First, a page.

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Greg Ganske on Social Security


Voted YES on raising 401(k) limits & making pension plans more portable.

Comprehensive Retirement Security and Pension Reform Act of 2001: Vote to pass a bill that would raise the amount individuals may contribute to traditional and Roth Individual Retirement Accounts and to 401[k] plans and make pensions plans more portable
Reference: Bill sponsored by Portman, R-OH; Bill HR 10 ; vote number 2001-96 on May 2, 2001

Voted YES on reducing tax payments on Social Security benefits.

Vote to pass a bill that would reduce the percentage of Social Security benefits that is taxable from 85 to 50 percent for single taxpayers with incomes over $25,000 and married couples with incomes over $32,000. The revenues that would be lost for the Medicare trust fund would be replaced by money from the general fund.
Reference: Bill sponsored by Archer, R-TX; Bill HR 4865 ; vote number 2000-450 on Jul 27, 2000

Voted NO on strengthening the Social Security Lockbox.

Amending the Social Security Lockbox bill to require that any budget surplus cannot be spent until the solvency of Social Security and Medicare is guaranteed.
Reference: Motion to Recommit introduced by Rangel, D-NY; Bill HR 1259 ; vote number 1999-163 on May 26, 1999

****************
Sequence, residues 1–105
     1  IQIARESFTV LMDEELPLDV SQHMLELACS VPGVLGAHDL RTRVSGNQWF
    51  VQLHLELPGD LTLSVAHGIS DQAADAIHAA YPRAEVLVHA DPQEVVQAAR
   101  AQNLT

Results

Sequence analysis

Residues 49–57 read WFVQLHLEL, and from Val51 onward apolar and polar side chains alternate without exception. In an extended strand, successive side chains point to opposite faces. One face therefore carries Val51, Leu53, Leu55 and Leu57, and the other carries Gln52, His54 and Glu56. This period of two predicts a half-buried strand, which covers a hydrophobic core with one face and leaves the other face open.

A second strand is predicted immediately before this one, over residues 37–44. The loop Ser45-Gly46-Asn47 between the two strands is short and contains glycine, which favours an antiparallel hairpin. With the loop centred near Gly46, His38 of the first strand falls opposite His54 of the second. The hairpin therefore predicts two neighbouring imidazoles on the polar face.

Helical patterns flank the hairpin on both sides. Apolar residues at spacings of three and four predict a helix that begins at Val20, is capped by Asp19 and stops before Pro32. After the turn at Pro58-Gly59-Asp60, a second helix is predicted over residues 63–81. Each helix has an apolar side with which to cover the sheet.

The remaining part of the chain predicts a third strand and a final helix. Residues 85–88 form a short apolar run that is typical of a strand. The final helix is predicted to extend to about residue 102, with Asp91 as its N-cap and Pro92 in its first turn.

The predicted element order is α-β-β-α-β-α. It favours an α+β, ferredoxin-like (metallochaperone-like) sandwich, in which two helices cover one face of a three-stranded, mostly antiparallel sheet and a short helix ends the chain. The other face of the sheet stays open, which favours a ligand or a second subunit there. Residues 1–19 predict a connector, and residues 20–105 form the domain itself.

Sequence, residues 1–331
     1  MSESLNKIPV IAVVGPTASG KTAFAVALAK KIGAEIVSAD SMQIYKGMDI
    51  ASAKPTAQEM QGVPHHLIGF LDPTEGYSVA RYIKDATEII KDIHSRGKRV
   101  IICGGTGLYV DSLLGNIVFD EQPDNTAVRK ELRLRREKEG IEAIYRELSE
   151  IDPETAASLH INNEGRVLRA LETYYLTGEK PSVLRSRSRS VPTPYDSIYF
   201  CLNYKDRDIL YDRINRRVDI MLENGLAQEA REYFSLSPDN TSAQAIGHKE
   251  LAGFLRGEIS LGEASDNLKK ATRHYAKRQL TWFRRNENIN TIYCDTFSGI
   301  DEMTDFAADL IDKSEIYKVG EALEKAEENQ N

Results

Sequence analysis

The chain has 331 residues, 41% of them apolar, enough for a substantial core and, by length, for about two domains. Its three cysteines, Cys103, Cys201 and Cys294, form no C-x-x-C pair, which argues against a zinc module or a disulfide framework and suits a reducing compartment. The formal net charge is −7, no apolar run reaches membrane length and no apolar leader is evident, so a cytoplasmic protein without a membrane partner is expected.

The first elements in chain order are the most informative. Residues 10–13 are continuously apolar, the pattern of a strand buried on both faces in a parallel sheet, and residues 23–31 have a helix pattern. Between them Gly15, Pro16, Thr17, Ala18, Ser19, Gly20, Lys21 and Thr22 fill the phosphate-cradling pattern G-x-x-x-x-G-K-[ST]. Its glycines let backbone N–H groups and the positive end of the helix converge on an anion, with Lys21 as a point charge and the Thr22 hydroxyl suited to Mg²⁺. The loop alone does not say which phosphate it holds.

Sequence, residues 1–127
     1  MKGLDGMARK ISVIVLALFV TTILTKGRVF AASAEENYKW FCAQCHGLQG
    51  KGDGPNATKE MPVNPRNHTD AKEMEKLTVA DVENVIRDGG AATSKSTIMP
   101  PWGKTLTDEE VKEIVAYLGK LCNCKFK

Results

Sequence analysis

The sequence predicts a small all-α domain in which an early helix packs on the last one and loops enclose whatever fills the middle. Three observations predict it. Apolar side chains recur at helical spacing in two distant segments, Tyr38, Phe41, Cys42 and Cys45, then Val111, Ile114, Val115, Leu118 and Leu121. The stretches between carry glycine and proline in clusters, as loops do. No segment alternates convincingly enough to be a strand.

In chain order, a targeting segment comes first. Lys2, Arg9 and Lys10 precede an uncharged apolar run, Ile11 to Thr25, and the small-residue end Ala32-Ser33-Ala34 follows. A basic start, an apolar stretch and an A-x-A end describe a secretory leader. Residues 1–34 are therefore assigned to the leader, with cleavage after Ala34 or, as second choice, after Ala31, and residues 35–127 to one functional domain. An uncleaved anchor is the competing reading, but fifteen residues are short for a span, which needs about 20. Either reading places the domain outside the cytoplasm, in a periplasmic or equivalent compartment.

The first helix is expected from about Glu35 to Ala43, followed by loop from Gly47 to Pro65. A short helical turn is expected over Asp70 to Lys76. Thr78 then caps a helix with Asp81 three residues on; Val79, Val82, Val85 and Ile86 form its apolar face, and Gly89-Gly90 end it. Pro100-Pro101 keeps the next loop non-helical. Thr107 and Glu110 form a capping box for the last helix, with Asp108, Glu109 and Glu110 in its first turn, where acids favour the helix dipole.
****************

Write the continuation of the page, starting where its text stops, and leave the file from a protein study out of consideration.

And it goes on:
Reduce taxes on Social Security earnings.

Ganske signed the Contract with America:

[As part of the Contract with America, within 100 days we pledge to bring to the House Floor the following bill]:

The Senior Citizens Fairness Act:
Raise the Social Security earnings limit, which currently forces seniors out of the workforce; repeal the 1993 tax hikes on Social Security; and provide tax incentives for private long-term care insurance to let older Americans keep more of what they have earned over the years.
Source: Contract with America 93-CWA9 on Sep 27, 1994

Supports individual savings accounts and work incentives.

Ganske adopted the Republican Main Street Partnership issue stance:

Congress must address the rapidly approaching disaster of a depleted Social Security system. Within the next ten years "baby boomers" will start retiring. It is estimated that, as a result of this, by 2013 Social Security will be making greater payments to retirees than it will take in from the workforce. By 2032 the Social Security Trust Fund will be completely exhausted. Congress could rewrite this forecast by establishing individual savings accounts, restoring Social Security to permanent actuarial solvency, improving work incentives and/or resolving internal administrative problems.

Source: Republican Main St. Partnership Issue Paper: Fiscal Policy 98-RMSP3 on Sep 9, 1998

  • Click here for definitions & background information on Social Security.
  • Click here for policy papers on Social Security.
  • Click here for SenateMatch answers by Greg Ganske.
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Other candidates on Social Security: Greg Ganske on other issues:
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